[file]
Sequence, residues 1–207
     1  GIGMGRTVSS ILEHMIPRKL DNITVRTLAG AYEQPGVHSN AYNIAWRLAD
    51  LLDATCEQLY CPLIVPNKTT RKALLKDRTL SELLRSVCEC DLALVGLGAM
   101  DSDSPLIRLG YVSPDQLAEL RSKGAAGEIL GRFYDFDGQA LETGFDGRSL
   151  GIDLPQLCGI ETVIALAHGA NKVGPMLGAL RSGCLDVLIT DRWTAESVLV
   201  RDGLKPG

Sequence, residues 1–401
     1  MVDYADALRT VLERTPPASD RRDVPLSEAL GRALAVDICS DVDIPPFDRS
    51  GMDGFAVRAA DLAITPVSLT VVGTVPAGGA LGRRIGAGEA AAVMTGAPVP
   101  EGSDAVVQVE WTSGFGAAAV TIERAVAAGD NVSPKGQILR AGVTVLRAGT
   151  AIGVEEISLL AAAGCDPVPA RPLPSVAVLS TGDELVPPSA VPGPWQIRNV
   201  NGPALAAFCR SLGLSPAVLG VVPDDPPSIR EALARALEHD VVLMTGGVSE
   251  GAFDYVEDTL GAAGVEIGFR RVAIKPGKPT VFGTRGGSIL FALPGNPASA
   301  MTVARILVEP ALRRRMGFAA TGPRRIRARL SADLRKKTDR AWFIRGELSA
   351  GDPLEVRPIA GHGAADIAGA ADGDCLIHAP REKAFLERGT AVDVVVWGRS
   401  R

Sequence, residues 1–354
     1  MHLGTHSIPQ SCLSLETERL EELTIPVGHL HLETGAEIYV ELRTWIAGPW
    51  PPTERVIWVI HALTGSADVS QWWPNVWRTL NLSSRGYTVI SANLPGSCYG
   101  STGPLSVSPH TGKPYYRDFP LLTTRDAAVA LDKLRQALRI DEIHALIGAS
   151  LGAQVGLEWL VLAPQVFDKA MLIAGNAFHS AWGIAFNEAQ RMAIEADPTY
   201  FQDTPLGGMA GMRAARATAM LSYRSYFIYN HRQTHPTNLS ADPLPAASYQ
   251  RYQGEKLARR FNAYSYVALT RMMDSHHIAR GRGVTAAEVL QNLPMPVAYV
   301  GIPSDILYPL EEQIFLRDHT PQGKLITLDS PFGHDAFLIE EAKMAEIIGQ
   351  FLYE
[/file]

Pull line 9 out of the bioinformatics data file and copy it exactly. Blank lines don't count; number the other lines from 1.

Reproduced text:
    51  GMDGFAVRAA DLAITPVSLT VVGTVPAGGA LGRRIGAGEA AAVMTGAPVP